"dependencies": {
    "@sap/hdi-deploy": "^3.11.0"
  },
  "engines": {
    "node": "^10"
  },
  "scripts": {
    "postinstall": "node .build.js",
    "start": "node node_modules/@sap/hdi-deploy/deploy.js  --auto-undeploy"
  }
}

https://github.com/jungsap/my-hana-capm/blob/master/db/package.json

From the terminal we can then use NPM to run the install command. It will download the hdi-deploy module and then perform the CDS build (which compiles to the HDBCDS).  This is the same as choosing CDS Build from the SAP Web IDE.

We can then run the NPM start command. This is the same thing as choosing Build on the db module in the SAP Web IDE.  It will start the HDI Deploy.  It uses the default-env.json file automatically to know how to connect to our HANA DB and deploys all the DB artifacts into it.

If you want to ensure that the table was really created, we can switch back over to SQuirreL SQL Client and sure enough there’s the new table we defined via CDS Entity:

Its important to note that no Cloud Foundry or SAP Cloud Platform application services were utilized here.  The deployer ran completed in the Node.js runtime of our Google Cloud Shell service.  We are only remotely connecting to the HANA DB.

But one table isn’t very fun.  I continue to build out my project adding more CDS entities, data loading from CSV, etc.  I can really create any DB artifact I could from the SAP Web IDE; although things like Calculation Views would be challenging without the dedicated editors. Luckily nearly all other DB artifacts are simple text, json or SQL DDL based syntax which work great in any editor.

But I’m not limited to DB artifact development. I can also perform Node.js or UI5 development easily from here as well. For example I add a srv module for both custom Node.js REST services and CDS OData V4 services.  The XSENV module we use to load HANA connectivity options work just as well with the default-env.json as the HDI deployer. So we can run the Node.js service directly from the Cloud Shell and when it runs, it also remotely connects to the HANA DB.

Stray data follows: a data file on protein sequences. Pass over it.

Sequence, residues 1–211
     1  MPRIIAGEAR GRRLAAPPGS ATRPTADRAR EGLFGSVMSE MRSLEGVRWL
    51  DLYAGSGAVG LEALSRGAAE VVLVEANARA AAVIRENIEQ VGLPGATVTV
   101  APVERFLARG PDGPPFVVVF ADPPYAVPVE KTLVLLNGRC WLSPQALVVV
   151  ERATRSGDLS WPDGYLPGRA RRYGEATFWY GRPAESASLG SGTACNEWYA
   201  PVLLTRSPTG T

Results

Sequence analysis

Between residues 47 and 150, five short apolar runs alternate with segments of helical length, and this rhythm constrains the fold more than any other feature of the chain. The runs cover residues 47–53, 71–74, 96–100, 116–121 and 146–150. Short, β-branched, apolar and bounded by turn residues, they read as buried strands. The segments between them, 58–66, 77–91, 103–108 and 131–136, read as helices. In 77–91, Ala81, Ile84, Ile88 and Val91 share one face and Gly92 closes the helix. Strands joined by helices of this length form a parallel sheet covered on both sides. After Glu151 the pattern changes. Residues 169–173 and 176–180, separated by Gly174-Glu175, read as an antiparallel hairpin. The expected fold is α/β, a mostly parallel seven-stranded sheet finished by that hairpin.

And there’s really no special coding in the Node.js code needed to make this happen.  You can look at the code here: https://github.com/jungsap/my-hana-capm/blob/master/srv/server.js

The exact same code would run on Cloud Platform directly and work the same way. As long as you have some way to fill the environment or can pass the hanaOptions directly; the connectivity is going to work. This gives you a variety of deployment and hosting options for your application logic that can still connect securely and easily to a remote HANA DB instance.

We’ve also seen that you don’t have to be afraid to venture outside the SAP Web IDE as your only development environment either. The SAP Web IDE obviously provides a lot of convenience in its dedicated nature, but once you understand what its doing when performing operations like building and running; you see you can replicate the same operations outside the SAP Web IDE as well. As long as you don’t mind working without a few of the wizards and templates, there is a wide world of options.  So much of the future of cloud native development is about combining the best capabilities from a variety of sources into the maximum value.

 

 

2 Comments
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  • The sheer density of awesome information in your recent posts is appreciated!  I’m on a similar journey of playing with alternative IDEs with HANA and have been playing with creating a “poor man’s cockpit” to do simple HANA/HDI tasks and one thing in your post gave me pause:

     

    For development purposes we can simulate this binding and environment via a local file in our project. The SAP modules like the hdi-deployer and the xsenv, all are designed to look for a file named default-env.json to simulate these environment binding settings.  Therefore we can create such a file and copy the details from the binding we saw in the HANA Cockpit earlier.

    This is a very nice solution for private testing, but isn’t intended to be a productive solution.  Notice even the .gitignore generated by the cds init command has a filter to make sure these default*json files don’t get sent back to the central code repository.  This is where for real deployment to a cloud environment outside of the SAP Cloud Platform you’d need to use a platform specific capability for storing such “secrets” and injecting them into the environment. Most of the cloud providers have such secret functionality but that’s perhaps a broader topic than I want to cover here.

     

    I *somewhat* overcame having to deal with default-env.json slips by passing it as 3 environment variables when running an hdi deploy using the @sap/hdi-deploy package.  A simple example is found here (lines 89-118):

    https://github.com/entmike/hana-cockpit/blob/master/backend/api/deployDB.js#L89-L118

    (This is just a simple backend API that accepts a .ZIP file containing db src files and the target container, db server etc etc from a Vue web app to run a db deploy via web.)

    But what I wanted to point out is essentially I am following your default-env.json example from a prior post of yours but manage to pass it to a child process when I spawn npm run start.  This is still a crude/primitive example but I wanted to share one thing that may get around using physical files (it depends on use case, of course.)

    In short, I found in the bowels of the NPM/SAP documentation these 3 environment variables are accepted:

    • HDI_DEPLOY_OPTIONS
    • TARGET_CONTAINER
    • VCAP_SERVICES

    Please keep posting your great blogs as I really enjoy reading them!